Essay on Renaissance and Medieval Architecture

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The Renaissance Era is remembered as the age of revival of Greco-Roman or of the old antiquity in Europe. But what caused this revival? The Medieval Era, or Middle Ages was Renaissance’s predecessor. During the Medieval Era, Gothic and Romanesque Architecture was seen throughout Europe. Since Renaissance followed the Middle Ages, it is possible to describe their differences throughout Europe. The changes that happened throughout culture, religion, ideology, and government ultimately led the people of the Renaissance Era to express their skills in architecture, sciences, arts, and etc. The contrast in expression of art or architecture is apparent both eras. The ideologies among the great shifted from that of holding on to the belief in …show more content…
To many religion was everything, it is supposed to lead the people on a path to righteousness; either way defiance usually ended in death for many against the religions’ ideology. Simply, religion governed life and defiance was unacceptable. Propaganda is an easy way to influence people; an example of this is how Christianity claims the right of passage for its followers on Judgment Day, which can be seen on churches such as St. Foy, Conques (Fig.1). Entering a grandeur church offering the right to passage instead of those gloomy portraits of people getting dragged in to hell only makes one feel more respect for the church. This reinforced the churches role and kept it in power.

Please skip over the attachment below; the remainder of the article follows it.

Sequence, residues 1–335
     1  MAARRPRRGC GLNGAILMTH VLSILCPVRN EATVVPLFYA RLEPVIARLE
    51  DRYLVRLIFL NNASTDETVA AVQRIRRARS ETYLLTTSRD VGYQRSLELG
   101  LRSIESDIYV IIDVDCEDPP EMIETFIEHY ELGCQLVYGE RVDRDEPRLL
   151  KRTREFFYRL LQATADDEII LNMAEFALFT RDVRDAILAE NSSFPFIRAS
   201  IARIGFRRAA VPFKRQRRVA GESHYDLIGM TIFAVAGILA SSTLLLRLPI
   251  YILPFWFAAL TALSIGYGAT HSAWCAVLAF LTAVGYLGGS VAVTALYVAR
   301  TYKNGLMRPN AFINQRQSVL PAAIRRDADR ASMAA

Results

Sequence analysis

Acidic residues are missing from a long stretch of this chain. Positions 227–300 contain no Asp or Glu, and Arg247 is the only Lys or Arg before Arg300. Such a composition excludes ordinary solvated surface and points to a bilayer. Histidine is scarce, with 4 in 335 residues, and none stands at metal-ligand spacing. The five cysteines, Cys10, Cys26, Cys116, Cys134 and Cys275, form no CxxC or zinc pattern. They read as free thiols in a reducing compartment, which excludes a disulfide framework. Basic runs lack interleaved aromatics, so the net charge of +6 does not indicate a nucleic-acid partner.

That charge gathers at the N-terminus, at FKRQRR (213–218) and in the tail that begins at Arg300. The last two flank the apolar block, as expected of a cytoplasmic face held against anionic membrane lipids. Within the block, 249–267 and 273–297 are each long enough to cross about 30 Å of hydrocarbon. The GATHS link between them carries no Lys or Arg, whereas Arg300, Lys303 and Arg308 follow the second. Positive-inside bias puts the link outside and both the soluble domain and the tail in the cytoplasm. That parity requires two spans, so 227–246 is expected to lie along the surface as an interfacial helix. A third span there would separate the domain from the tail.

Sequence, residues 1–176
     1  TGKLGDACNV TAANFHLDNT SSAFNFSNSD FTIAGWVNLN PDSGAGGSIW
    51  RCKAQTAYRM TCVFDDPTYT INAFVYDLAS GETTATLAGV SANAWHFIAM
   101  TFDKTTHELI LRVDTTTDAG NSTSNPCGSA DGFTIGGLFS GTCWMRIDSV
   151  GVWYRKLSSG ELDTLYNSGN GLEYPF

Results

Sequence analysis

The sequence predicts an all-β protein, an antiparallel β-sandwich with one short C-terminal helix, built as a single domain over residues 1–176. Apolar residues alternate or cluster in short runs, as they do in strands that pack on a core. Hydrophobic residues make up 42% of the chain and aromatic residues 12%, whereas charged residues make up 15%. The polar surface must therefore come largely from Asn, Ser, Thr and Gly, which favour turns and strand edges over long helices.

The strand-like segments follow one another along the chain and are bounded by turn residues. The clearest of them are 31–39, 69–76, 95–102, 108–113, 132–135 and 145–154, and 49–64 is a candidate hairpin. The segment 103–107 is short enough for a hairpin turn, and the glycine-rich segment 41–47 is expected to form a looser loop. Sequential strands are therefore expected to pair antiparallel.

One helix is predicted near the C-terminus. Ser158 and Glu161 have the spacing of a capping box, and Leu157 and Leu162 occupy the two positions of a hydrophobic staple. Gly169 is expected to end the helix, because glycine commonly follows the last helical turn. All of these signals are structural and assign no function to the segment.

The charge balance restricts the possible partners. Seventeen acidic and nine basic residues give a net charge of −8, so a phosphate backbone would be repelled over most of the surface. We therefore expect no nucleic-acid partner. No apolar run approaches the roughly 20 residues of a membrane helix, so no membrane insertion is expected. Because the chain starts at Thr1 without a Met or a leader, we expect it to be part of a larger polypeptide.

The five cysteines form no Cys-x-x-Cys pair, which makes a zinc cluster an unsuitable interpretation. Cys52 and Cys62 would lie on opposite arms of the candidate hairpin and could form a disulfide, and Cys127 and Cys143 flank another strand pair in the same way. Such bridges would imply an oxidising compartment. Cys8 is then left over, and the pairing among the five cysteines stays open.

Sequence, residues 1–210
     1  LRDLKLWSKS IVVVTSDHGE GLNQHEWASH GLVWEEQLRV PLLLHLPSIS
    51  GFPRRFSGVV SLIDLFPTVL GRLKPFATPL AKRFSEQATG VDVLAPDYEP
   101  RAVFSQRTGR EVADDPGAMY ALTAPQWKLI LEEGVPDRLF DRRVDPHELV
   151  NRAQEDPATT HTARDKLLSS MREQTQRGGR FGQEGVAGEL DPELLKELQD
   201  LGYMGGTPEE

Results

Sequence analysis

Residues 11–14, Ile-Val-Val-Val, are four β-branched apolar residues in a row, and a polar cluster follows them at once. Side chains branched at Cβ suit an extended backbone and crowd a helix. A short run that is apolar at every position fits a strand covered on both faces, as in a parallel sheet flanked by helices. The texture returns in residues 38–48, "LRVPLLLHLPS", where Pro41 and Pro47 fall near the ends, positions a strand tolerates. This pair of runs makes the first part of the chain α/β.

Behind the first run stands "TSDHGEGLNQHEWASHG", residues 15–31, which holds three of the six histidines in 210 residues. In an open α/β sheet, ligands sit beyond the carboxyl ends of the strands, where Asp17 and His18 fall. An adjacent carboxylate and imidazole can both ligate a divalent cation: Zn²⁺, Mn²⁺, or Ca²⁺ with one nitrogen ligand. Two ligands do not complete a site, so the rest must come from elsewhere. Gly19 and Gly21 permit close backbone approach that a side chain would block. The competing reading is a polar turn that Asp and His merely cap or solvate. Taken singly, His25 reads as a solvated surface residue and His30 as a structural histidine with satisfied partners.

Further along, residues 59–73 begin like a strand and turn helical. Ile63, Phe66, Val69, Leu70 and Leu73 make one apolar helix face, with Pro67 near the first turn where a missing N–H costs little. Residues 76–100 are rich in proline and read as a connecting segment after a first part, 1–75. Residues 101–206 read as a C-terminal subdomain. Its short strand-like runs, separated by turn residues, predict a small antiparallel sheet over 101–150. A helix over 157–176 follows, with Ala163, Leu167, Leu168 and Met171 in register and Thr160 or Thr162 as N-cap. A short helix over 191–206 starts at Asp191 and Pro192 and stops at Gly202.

The feelings architects symbolized through architecture can be seen throughout the Middle Ages. Gothic architects of the era and religious factions held the belief that the taller a structure was, the closer man can be with God; things like this made the Middle Age Architecture. In Gothic Architecture Notre-Dame Cathedral in Paris is one of its finest examples of its pronounced, bold style (Fig.2). Notre-Dame when completed rivaled the height of Cluny III, a Romanesque 11th century church. Gothic and Romanesque qualities are found in Notre-Dame. For starters the plan form is a traditional basilica with minor transepts, which was the original plan. During construction they decided to add flying buttresses, Notre-Dame in fact was at the time one of the first buildings to
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